The Play

(Survey of Dramatic Literature)

The prologue to A Dream Play is set in the firmament. Indra, the Vedic god of war and thunder, is addressing his daughter, who has followed a streak of lightning from the High Ether past the planet Venus and finds herself sinking toward Earth. She is puzzled by the dualities that she observes—stuffiness and beauty, darkness and light, and lamentation and joy. Indra instructs his daughter to visit Earth for the purpose of determining whether the constant complaints of humans are justified. She is then to return and make her findings known to him.

The action begins outside a castle, which is both mineral and vegetable: It is fertilized by stable manure, it grows, and it is crowned by a huge chrysanthemum bud. Indra’s daughter is now incarnate as the daughter of a glazier. She tells her father that she is going to free someone who is a prisoner in the castle. The prisoner proves to be Alfred, the officer, who recognizes that the daughter is a child of Heaven and who complains of life’s unjust treatment of him.

As the daughter and Alfred converse, their attention is caught by a domestic scene. In this scene the Mother (Kristina) and the Father of Alfred greet their son and the Glazier’s daughter, whom they identify as Agnes. Kristina speaks of being about to die and reminds Alfred of his having committed a wrongdoing for which his brother was punished. Alfred, realizing that his mother has been dead for ten years, nevertheless continues his conversation with her and chides her for letting the maid Lena wear the mantilla that his father had given to her as a present. The Father lets his hurt be known; Kristina, concluding that to do good for one person is to hurt another, trims the candle and extinguishes it, leaving the stage in darkness.

Agnes hereupon utters two statements which will be repeated during the play and which will underscore the irony of human existence. The first is “Det är synd om människorna” (humans are to be pitied), an echo of Vergil’s “Sunt lacrimae rerum et mentem mortalia tangunt” (there are tears for sufferings, and there is pity for humankind); the second is “Kärleken besegrar allt!” (love conquers all), a literal translation of Vergil’s “Omnia vincit amor.” She then finds herself in a stage-alley, on the far right of which is a door with an airhole in the shape of a four-leaf clover. She talks with a motherly doorkeeper, whose shawl she borrows, and with a billposter, whose life’s wish, a dip net and a green fishing-box, has been realized after a wait of fifty years; later he will confess a gnawing disappointment for his fulfilled wish.

Alfred appears with a bouquet of roses to wait happily for Victoria, whom he is...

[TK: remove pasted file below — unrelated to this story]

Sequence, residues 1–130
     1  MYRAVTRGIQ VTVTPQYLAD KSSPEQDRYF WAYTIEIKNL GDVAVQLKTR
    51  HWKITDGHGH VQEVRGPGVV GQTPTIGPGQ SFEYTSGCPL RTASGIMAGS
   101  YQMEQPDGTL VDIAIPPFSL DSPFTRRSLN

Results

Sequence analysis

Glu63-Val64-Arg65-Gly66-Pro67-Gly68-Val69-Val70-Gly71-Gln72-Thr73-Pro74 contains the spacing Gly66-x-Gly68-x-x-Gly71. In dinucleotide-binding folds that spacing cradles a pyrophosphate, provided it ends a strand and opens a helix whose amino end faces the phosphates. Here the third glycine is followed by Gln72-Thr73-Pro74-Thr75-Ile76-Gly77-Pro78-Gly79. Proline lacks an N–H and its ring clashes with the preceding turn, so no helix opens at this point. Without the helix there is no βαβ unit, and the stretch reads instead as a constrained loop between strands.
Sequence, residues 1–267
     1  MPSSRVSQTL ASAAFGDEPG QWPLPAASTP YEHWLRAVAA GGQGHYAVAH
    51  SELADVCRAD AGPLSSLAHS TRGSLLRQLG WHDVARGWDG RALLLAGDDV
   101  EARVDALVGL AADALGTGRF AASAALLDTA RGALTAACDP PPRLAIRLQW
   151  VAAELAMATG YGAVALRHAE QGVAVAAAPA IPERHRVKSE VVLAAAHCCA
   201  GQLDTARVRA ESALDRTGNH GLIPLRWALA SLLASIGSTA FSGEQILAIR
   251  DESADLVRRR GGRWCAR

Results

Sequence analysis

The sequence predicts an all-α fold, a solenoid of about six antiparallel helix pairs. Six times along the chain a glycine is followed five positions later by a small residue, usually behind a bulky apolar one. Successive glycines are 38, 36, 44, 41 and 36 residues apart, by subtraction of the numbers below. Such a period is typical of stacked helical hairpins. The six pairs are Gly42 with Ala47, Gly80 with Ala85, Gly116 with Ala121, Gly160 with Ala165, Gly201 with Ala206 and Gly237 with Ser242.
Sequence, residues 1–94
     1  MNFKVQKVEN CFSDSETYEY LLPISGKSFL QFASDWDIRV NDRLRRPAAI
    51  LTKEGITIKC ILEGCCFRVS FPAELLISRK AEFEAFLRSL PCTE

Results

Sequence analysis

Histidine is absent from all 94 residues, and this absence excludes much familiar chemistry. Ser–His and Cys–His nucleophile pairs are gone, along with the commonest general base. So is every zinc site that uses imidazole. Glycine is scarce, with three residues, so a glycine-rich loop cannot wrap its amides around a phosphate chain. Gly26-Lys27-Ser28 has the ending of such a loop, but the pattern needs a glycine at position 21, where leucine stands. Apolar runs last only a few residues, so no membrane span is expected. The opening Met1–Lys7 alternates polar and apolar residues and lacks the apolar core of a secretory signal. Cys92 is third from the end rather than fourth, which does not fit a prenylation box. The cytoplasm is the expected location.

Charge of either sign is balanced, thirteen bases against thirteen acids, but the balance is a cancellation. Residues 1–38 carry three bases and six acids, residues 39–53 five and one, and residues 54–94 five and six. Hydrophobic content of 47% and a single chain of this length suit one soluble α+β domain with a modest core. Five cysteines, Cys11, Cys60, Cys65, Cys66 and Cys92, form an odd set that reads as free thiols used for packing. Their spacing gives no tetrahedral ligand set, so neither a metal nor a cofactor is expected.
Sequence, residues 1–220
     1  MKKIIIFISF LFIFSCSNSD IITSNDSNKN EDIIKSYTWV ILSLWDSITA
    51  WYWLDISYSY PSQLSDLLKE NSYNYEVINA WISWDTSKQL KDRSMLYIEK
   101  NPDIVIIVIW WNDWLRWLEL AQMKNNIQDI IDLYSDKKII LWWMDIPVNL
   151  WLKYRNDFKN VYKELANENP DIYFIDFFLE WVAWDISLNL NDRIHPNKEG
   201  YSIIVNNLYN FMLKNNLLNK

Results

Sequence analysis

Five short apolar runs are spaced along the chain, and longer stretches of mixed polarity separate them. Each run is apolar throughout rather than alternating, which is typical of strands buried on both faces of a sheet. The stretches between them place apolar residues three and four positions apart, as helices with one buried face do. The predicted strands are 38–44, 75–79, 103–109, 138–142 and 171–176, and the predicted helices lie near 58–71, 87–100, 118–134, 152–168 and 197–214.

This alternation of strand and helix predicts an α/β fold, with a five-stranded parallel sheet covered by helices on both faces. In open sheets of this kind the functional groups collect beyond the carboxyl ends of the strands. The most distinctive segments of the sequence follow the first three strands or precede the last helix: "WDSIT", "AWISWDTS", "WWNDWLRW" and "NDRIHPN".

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Dramatic Devices

(Survey of Dramatic Literature)

The actions, stage settings, and stage directions of A Dream Play are all calculated to produce the effect of a dream. To this end Strindberg removes the demarcations of logic, space, time, life, death, myth, and reality. While the work was in progress he retained the demarcation of acts: “Act 1” included all the scenes up to and including Agnes and Alfred’s decision to marry, “act 2” moved from the wretchedness of the actual marriage through the Coalheavers episode, and “act 3” began with the visit to Fingal’s Cave. Subsequently, however, he abandoned the division into acts and all designations of scenes and episodes save for asterisks and white spaces. The dreamlike continuity that he thereby achieved has been deprived of much of its efficacy by editors and translators, who preferred to restore the three-act structure of the draft.

The nebulousness of a dream is created through unobtrusive scene changes— sometimes in brief darkness, sometimes with the addition of a screen or simple backdrop, sometimes by allowing a single prop to serve different functions in different scenes—and by overt characteristics of fantasy. The Father, for example, at one point walks right through a wall. The growing castle combines the worlds of mineral, vegetable, and, given the humans inside it, animal. The living converse with the dead as though the dead were still alive (but not, it is to be noted, as though the dead had been resurrected). The...

(The entire section is 448 words.)


(Great Characters in Literature)

Sources for Further Study

Austin, John. Review of A Dream Play. Theatre Journal 47 (December, 1995): 553-556.

Carlson, Harry G. Out of Inferno: Strindberg’s Reawakening as an Artist. Seattle: University of Washington Press, 1996.

Johnson, Walter. “A Dream Play: Plans and Fulfillment.” Scandinavia 10 (1971): 103-111.

Johnson, Walter. “Introduction to A Dream Play.” In A Dream Play and Four Chamber Plays. Seattle: University of Washington Press, 1973.

Marker, F. J., and Christopher Innes, eds. Modernism in European Drama. Toronto, Ont.: University of Toronto Press, 1998.

Meyer, Michael. Strindberg: A Biography. London: Secker and Warburg, 1985.

Sprigge, Elizabeth. The Strange Life of August Strindberg. New York: Macmillan, 1949.

Sprinchorn, Evert. “The Logic of A Dream Play.” In Strindberg: A Collection of Critical Essays, edited by Otto Reinert. Englewood Cliffs, N.J.: Prentice-Hall, 1971.

Sprinchorn, Evert. Strindberg as Dramatist. New Haven, Conn.: Yale University Press, 1982.

Tornqvist, Egil. Strindbergian Drama. Atlantic Highlands, N.J.: Humanities Press, 1982.